The company Hancock County identified Wednesday as the next prospective provider of recovery coaches for jail inmates battling addiction is unable to provide the service, an official with the company said.
Despite having had “a series of talks” with county officials, Groups Recover Together has decided it can’t move forward with reviving the jail’s recovery coaching program, said Cooper Zelnick, the company’s chief strategy officer.
The recovery coaching program has been idle since June after Sheriff Scott Kane terminated a contract with the prior provider, Healthy Acadia, because it issued a public statement in support of the Black Lives Matter movement. Kane has described Black Lives Matter as an anti-law enforcement “terrorist group” that has advocated for violence against police officers.
Groups Recover Together, which began in New Hampshire and runs a chain of addiction treatment clinics in 10 states, told county officials Wednesday afternoon that it would be unable to revive and run the recovery coaching program at the jail, Zelnick said.
Recovery coaches are peer mentors who start working with inmates while they’re incarcerated and help them navigate their recovery once they’re released.
On Wednesday morning, county officials released the agenda for the commissioners’ upcoming Tuesday meeting, including an agenda item that called for commissioners to consider “approval and signature of the Groups Recover Together contract providing recovery coaching for the inmate population.”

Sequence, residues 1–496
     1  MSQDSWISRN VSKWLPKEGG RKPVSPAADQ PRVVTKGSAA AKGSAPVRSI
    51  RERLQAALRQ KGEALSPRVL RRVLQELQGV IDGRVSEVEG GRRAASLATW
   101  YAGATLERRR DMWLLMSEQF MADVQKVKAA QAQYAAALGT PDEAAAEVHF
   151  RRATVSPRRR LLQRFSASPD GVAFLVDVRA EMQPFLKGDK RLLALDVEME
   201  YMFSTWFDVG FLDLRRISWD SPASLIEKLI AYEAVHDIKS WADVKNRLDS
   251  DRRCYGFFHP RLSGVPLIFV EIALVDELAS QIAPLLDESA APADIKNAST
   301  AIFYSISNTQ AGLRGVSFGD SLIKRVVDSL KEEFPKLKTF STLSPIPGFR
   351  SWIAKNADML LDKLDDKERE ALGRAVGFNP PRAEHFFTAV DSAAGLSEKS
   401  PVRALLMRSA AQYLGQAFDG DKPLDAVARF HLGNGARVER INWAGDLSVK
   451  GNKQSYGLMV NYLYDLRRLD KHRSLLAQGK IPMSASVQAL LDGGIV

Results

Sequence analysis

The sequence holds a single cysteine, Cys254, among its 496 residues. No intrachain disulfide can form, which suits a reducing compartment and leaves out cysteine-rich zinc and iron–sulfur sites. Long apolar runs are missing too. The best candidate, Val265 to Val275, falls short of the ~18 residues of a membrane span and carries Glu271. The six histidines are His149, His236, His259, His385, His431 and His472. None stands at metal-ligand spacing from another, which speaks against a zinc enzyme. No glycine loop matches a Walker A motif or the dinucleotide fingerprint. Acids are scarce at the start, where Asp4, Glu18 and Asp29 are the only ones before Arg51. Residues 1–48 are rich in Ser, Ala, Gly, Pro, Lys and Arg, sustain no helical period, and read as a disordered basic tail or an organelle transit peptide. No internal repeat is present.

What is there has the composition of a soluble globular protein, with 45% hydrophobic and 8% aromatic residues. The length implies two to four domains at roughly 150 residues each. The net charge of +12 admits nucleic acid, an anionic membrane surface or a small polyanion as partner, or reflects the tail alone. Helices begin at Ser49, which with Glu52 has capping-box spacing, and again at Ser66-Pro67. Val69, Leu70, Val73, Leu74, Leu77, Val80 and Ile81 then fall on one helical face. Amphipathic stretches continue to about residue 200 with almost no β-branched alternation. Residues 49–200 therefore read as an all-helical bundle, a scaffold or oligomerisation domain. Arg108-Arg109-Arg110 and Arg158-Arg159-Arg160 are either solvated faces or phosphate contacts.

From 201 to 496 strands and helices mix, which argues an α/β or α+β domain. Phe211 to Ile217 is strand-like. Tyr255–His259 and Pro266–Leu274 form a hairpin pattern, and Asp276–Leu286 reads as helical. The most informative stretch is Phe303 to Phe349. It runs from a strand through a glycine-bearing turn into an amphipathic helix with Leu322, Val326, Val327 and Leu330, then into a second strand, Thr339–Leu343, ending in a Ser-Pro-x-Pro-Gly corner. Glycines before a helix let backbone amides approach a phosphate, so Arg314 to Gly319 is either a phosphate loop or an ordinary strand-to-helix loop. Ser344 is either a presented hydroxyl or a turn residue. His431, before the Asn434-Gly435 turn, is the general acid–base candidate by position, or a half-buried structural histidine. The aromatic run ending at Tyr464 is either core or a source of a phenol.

But Zelnick said Thursday that Groups Recover Together cannot provide recovery coaching services to the jail’s inmates because of “competing strategic priorities.” He declined to elaborate.
Kane has not responded to messages left at his office Wednesday and Thursday.
The sheriff said last week that he feels an obligation to help inmates overcome addiction. Since he terminated Healthy Acadia’s contract last summer, he said, jail administrative staff have been looking for another provider of opioid recovery coaching services.
Despite the company’s decision, as of Thursday morning the discussion item for the recovery coaching contract was still on the commissioners’ upcoming February 2 meeting agenda, said Scott Adkins, the county administrator.
Groups Recover Together was founded in Claremont, New Hampshire, where a former Dartmouth medical school student teamed up with a local doctor in 2014 to open the first clinic, serving those without insurance, according to a 2018 story in the Bangor Daily News. The model aimed to remove two hurdles that uninsured people seeking treatment often face: cost and distance.
The company has 14 locations in Maine and clinics in nine other states, according to its website.